The best athlete in the world some people never heard of

Wayde van Niekerk already has the times to claim the mantle of the retiring Usain Bolt

Jamaica’s Usain Bolt  embraces South African sprinter Wayde van Niekerk after winning the “Salute to a Legend” 100 metres during the Racers Grand Prix at the national stadium in Kingston, Jamaica. Photograph: Bryan Cummings/AP

Jamaica’s Usain Bolt embraces South African sprinter Wayde van Niekerk after winning the “Salute to a Legend” 100 metres during the Racers Grand Prix at the national stadium in Kingston, Jamaica. Photograph: Bryan Cummings/AP

 

My brother threw a barbecue for the summer solstice and invited me along in the interest of sporting and gender balance. And for good reason.

This, after all, is the same family who once thought George Foreman only made grills, can’t believe David Gillick is not only a chef, and just last week asked me if the Lions Tour was some kind of travelling circus.

Not realising that might actually be closer to the truth than their imagination.

There is something gently refreshing about company like this. For all the exuberance of those selling events at Eden Park, and they are many, not everyone sees it as the most lively event this weekend. Not when The Moonlandingz are playing Midnight Circus at Body & Soul.

Perspective goes a long way, and as interesting as it is to debate the athleticism of Sonny Bill Williams versus Ben Te’o, the posturing of Beauden Barrett versus Owen Farrell, there are some people at the exact same table who have no idea what you’re talking about.  

The same people who asked me to name the best athlete in the world right now, and reacted with puzzled stares all round when hearing me say Wayde van Niekerk. Not Usain Bolt? Now read on.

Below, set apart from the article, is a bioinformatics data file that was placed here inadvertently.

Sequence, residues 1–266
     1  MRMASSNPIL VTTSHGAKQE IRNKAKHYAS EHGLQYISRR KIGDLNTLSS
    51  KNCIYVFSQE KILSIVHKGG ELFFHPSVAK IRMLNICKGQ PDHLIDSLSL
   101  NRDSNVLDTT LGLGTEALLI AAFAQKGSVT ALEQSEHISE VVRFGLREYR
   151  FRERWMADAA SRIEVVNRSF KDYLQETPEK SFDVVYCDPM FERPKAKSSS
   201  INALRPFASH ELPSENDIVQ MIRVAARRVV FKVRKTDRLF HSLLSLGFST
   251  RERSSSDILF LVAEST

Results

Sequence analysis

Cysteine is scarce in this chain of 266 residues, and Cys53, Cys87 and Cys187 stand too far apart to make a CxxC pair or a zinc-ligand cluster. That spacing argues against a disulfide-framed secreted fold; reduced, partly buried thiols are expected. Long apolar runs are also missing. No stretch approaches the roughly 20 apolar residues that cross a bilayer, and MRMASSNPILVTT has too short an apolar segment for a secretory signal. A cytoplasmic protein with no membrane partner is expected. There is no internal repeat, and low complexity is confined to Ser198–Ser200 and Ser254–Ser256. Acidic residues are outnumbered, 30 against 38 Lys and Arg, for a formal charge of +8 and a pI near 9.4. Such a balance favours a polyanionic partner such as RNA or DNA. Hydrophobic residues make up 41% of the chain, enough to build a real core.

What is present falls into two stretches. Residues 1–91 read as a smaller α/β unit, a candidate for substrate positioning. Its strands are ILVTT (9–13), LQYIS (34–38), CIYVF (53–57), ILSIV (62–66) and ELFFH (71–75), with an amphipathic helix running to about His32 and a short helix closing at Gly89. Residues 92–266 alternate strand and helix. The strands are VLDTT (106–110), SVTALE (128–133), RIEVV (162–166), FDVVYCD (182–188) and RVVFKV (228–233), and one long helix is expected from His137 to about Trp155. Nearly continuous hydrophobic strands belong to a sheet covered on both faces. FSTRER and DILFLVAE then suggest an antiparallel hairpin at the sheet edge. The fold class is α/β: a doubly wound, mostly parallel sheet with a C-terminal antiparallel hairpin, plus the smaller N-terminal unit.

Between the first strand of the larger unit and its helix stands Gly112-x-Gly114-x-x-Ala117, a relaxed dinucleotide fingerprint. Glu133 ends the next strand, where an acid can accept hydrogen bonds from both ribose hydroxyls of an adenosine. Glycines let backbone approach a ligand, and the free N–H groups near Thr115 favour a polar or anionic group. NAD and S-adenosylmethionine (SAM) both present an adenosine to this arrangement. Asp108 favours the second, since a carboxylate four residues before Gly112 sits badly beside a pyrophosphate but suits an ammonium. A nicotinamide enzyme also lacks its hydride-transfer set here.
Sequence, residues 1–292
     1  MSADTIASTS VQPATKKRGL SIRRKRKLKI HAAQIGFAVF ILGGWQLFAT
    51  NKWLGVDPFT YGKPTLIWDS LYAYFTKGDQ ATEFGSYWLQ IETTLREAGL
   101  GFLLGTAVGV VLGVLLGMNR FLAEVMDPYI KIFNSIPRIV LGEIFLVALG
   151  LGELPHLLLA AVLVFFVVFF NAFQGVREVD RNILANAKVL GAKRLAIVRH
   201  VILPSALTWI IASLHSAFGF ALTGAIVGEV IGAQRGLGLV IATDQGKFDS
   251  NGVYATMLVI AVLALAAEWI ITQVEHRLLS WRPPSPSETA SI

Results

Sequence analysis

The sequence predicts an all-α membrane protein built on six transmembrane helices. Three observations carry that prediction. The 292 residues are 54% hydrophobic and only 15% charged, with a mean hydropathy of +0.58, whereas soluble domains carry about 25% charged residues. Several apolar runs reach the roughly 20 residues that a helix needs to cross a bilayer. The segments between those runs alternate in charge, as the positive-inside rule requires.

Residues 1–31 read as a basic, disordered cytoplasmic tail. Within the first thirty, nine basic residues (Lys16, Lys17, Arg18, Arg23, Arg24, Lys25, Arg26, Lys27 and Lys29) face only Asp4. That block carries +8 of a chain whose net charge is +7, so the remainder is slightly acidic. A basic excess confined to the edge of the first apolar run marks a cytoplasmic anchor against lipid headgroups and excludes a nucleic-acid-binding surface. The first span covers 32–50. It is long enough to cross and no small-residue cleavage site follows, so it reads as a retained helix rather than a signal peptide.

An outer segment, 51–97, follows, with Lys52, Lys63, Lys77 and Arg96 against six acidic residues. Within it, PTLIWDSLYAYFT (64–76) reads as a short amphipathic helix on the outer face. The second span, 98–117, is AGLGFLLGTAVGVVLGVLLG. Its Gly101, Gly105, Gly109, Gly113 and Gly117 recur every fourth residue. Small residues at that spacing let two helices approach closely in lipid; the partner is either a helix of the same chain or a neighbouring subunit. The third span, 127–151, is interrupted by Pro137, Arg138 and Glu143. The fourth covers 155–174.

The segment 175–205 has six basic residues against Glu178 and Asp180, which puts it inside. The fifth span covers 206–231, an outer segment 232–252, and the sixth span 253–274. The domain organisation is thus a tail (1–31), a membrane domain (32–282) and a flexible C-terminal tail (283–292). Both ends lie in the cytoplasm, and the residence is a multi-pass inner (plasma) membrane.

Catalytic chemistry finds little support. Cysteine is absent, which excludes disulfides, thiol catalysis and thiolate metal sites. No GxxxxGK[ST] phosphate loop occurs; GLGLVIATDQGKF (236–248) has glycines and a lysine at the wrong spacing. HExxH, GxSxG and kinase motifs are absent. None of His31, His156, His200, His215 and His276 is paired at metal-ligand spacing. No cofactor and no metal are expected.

There weren’t many unforgettable nights inside the Rio Olympic Stadium last year, but the Sunday August 14th was definitely one – a fleetingly rare moment when the past and the future of the sport seemed perfectly entwined.

Bolt was the headline act, winning his third successive Olympic 100m title, although that performance had been inescapably eclipsed – 20 minutes earlier, to be exact – by van Niekerk’s world record of 43.03 seconds for 400m, the young South African winning from lane eight, coming frighteningly close to 42-second territory in the process.

The previous record of 43.18 had stood to the American Michael Johnson since 1999, and everything about van Niekerk’s performance suggested this was only the beginning.

At age 24, he hadn’t come from the proverbial nowhere and had already run 43.48, the then fourth-fastest in history, to win the gold medal at the 2015 World Championships in Beijing.

What had already set van Niekerk apart, prior to Rio, was the fact he’s the first man in athletics history to go sub-10 seconds for 100, sub-20 seconds for 200m, and sub-44 seconds for 400m. No one expected him to run 43.03 in Rio, at least not out in lane eight, although it was an exceptionally fast race (seven men running under 44.50, unprecedented in any 400m race).

How fast

What also set him apart in Rio was the fact he was coached – and still is – by 75-year-old great-grandmother Anna ‘Tannie Ans’ Botha, at The University of the Free State in Bloemfontein, if that’s not a little too much stranger than fiction.

From every perspective, however, it was the track and field performance of the Olympics, and if van Niekerk had somehow managed to keep running at 43.03-pace, he’d have run a mile in 3:07, a 10km in 22:24, and a marathon in 1:42:42. That’s how fast he was travelling.

Now, van Niekerk has come out in 2017 and already gone faster again. He improved his 200m best to 19.84 seconds in Kingston, Jamaica earlier this month – again producing the performance of the night billed as the first farewell Bolt, won the 100m in 10.03 – and on Tuesday night in Slovenia, van Niekerk improved his 100m time to 9.94, clipping 0.04 off his previous best.